Recently I returned to Lord of the Rings Online (LOTRO) after quite a bit of time away. It was the release of the Mac client for the game that brought me back—I’ve been hoping LOTRO would come to the Mac for a long time. Now that it’s here, I’m finding it fun and easy to dip back into the game now and again. (I’m not even high-enough level for the new Rohan content, yet, but I’m getting there.)
Back when I was last diligently playing LOTRO, or perhaps the time before that, I founded a kinship (like a guild) as a means of getting a private chat channel for me and my friends. I stewed and fretted over what to call the damn thing, though. I went back through quite a bit of Tolkien’s lore for Middle-earth, the expanded lore of the game, and thought about all the joke names for kinships that I’d seen come and go on my server. I ultimately decided that I wanted to be able to play with the lore a bit while also paying playful homage to LOTRO’s writing and quest design. I chose to call us the Boars of Evendim. (If you get the reference, please don’t spoil it here.)
I founded the Boars kinship years ago and many of its members have since scattered to the four winds of gaming. Even I tend to return to LOTRO in bursts, playing for weeks or months at a time, devouring content new and old, and then drifting away for a time. LOTRO doesn’t feel like homework or a time sink to me — I play it when I want to, taking to it like I might binge on a television series. Works for me.
When friends of mine came to the game, at least for a while now that the Mac client exists, I immediately invited them to join the Boars of Evendim. I wanted us to have a common chat channel. I also wanted a chance to experiment with more in-game roleplaying and try putting my backstory for the kinship into words. A few of these friends of mine are role-players with experience from both tabletop play and WoW. I wanted to get a better sense of how RP worked in the MMORPG environment… and I wanted to write a bit about Middle-earth. Instead of telling some of my friends the out-of-character reason for the Boars name, I promised to tell them the in-character reason for the name.
Then I promised again. And again. Then it felt like I’d need to actually tell a tale to live up to the promises I had made in-character in Middle-earth.
So I set out to write out the idea I’d had, years earlier, about the made-up in-fiction significance of the Boars name. It had to be short, ’cause I didn’t have time to spare on this kind of writing, and it had to capture the sort melancholy charm of the Evendim zone in LOTRO — heart of the lost kingdom of Arnor, sister kingdom to Gondor, and a part of Aragorn’s backstory and genealogy that I’d always found to be a captivating sketch of a legend. So I took what I knew of Arnor from Tolkien and from LOTRO, made up some details, and wrote a bit. To make sure the tale could be usefully conveyed in LOTRO’s chat window, I prepared it as a collection of separated lines that I could type or paste in quickly and wouldn’t require the players to scroll around to read each bit in full.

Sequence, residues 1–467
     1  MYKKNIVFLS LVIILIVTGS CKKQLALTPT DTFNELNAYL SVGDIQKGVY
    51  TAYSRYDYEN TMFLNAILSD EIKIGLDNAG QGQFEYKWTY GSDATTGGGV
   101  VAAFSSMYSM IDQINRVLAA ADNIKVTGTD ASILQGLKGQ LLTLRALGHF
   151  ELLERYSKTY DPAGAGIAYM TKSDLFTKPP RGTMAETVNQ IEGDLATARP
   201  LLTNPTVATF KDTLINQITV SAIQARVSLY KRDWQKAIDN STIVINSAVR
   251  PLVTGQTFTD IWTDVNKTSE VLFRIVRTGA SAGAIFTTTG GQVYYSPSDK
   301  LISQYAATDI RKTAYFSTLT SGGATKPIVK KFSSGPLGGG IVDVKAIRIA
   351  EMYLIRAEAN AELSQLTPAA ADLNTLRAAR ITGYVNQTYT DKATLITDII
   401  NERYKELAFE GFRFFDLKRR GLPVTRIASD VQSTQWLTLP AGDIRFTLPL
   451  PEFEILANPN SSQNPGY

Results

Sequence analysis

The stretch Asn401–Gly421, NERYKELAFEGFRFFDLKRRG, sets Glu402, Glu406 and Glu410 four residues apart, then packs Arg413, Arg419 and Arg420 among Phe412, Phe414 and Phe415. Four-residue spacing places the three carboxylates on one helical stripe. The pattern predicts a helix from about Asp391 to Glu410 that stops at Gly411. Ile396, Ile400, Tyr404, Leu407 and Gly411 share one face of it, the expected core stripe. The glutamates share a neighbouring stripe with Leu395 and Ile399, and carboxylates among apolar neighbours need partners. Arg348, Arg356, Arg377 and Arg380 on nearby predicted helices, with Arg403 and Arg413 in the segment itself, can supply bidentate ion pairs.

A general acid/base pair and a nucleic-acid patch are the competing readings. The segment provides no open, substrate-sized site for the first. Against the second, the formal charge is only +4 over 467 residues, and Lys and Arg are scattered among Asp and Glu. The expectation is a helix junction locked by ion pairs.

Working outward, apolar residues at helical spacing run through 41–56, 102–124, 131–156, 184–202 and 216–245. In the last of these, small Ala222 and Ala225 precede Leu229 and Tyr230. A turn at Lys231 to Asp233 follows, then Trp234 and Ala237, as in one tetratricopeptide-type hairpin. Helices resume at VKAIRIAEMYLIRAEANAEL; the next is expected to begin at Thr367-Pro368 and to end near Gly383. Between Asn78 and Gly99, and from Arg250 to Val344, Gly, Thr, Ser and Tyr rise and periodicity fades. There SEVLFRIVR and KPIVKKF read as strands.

A few of us gathered around a fireplace in the Prancing Pony, where I typed in the story, line by line. The players emoted in response as I went, showing how their characters reacted to the tale (and encouraging me to keep going). Now and again I typed “/story” to trigger the storytelling animation for my character.
Here’s a sample from the middle of tale’s middle:
The land teemed with mighty creatures, including a host of gigantic and regal boars that guarded the land against encroaching evils.
In the days before the northern capital, Annúminas, was deserted, the boars vanished from the hills of Evendim.
They vanished from the woods.
They vanished from the valleys.
But one last boar, a great white-tusked king of its kind, was seen on the lakeshore the day the last of the folk of Annúminas removed to Fornost Erain.
It is said that a boar has not been seen in Evendim since.
To evoke a bit of Tolkienesque fantastical gravitas, I even wrote a few short verses of a so-called “soldiers’ song” once sung around campfires by the people of Fornost. It’s intentionally erratic in its rhyme and metrics, so that I could mess around with it (and write it quickly). I tossed in a couple of “/sing” emotes during the actual event…
Where once the gleaming city of our kings
O’er-looked a shining lake’s teeming shores
Now it stands like an empty helm, eyes ringed
Round with stains of blood from long-forgotten wars.
Where once great tusks did cut like spears
Near the banks of Baranduin, rushing clear,
Now the land is stalked by a nameless fear
That grows in peril, year by year.
Where lake laps cold on ruins old
New shall thrive ‘neath ancient eyes.
Though the forest’s empty, keep thy sentry
For the fabled wards shall be restored
City of splendor, throne to kings of old,
Though felled by plague and wicked wars,
Shall thrive again with heroes bold
And the rightful king shall have his boars.
This kind of roleplaying is still sort of new to me, at least when you measure it against tabletop play. This brief experience, though, of performing a written piece in a fictional, virtual venue was great fun. Much to my surprise, while doing this I got a slice of the same feeling that I get when I read or perform in front of a live audience.
It also resembled face-to-face RPG play, thanks to the inputs of the other players. It’s collaborative in the moment, even with all the prep involved, and it had that certain delicacy to it stemming from the fear that I might suddenly feel silly pretending to sing a song I made up for an imaginary kingdom. What this let me do, though, was not just play in Tolkien’s Middle-earth but play at Tolkien’s own game of inventing fantastical histories and romantic legends. It makes me want to host another LOTRO story-time event and concoct another reason for me to mix my own made-up lore with Tolkien’s. It was a good time.